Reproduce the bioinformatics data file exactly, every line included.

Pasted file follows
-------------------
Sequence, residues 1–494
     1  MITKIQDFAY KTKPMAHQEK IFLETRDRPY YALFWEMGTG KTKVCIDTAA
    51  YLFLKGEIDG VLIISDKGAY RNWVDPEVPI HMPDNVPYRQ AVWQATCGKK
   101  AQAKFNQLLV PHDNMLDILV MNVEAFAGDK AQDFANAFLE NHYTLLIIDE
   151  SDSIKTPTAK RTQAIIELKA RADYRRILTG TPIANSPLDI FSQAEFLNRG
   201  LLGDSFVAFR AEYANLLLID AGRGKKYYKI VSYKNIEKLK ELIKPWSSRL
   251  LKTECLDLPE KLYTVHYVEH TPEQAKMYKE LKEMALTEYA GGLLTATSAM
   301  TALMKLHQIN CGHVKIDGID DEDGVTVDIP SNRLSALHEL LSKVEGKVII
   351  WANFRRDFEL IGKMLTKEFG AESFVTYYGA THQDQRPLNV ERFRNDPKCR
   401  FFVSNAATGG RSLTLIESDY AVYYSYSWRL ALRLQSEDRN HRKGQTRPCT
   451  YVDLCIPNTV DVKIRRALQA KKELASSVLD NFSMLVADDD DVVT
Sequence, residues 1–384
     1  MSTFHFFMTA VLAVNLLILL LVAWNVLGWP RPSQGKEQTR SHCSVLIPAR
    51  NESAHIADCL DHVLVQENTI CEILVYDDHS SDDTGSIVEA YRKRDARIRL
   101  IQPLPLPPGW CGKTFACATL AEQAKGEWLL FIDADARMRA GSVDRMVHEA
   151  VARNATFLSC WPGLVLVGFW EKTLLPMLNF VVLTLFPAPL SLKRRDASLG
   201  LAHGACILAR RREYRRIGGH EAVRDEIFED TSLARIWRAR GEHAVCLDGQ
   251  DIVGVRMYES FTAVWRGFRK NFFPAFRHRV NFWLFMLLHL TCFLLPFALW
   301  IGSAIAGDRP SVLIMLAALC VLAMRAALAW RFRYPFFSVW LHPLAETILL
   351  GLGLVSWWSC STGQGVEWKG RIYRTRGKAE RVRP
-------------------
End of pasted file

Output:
Sequence, residues 1–494
     1  MITKIQDFAY KTKPMAHQEK IFLETRDRPY YALFWEMGTG KTKVCIDTAA
    51  YLFLKGEIDG VLIISDKGAY RNWVDPEVPI HMPDNVPYRQ AVWQATCGKK
   101  AQAKFNQLLV PHDNMLDILV MNVEAFAGDK AQDFANAFLE NHYTLLIIDE
   151  SDSIKTPTAK RTQAIIELKA RADYRRILTG TPIANSPLDI FSQAEFLNRG
   201  LLGDSFVAFR AEYANLLLID AGRGKKYYKI VSYKNIEKLK ELIKPWSSRL
   251  LKTECLDLPE KLYTVHYVEH TPEQAKMYKE LKEMALTEYA GGLLTATSAM
   301  TALMKLHQIN CGHVKIDGID DEDGVTVDIP SNRLSALHEL LSKVEGKVII
   351  WANFRRDFEL IGKMLTKEFG AESFVTYYGA THQDQRPLNV ERFRNDPKCR
   401  FFVSNAATGG RSLTLIESDY AVYYSYSWRL ALRLQSEDRN HRKGQTRPCT
   451  YVDLCIPNTV DVKIRRALQA KKELASSVLD NFSMLVADDD DVVT
Sequence, residues 1–384
     1  MSTFHFFMTA VLAVNLLILL LVAWNVLGWP RPSQGKEQTR SHCSVLIPAR
    51  NESAHIADCL DHVLVQENTI CEILVYDDHS SDDTGSIVEA YRKRDARIRL
   101  IQPLPLPPGW CGKTFACATL AEQAKGEWLL FIDADARMRA GSVDRMVHEA
   151  VARNATFLSC WPGLVLVGFW EKTLLPMLNF VVLTLFPAPL SLKRRDASLG
   201  LAHGACILAR RREYRRIGGH EAVRDEIFED TSLARIWRAR GEHAVCLDGQ
   251  DIVGVRMYES FTAVWRGFRK NFFPAFRHRV NFWLFMLLHL TCFLLPFALW
   301  IGSAIAGDRP SVLIMLAALC VLAMRAALAW RFRYPFFSVW LHPLAETILL
   351  GLGLVSWWSC STGQGVEWKG RIYRTRGKAE RVRP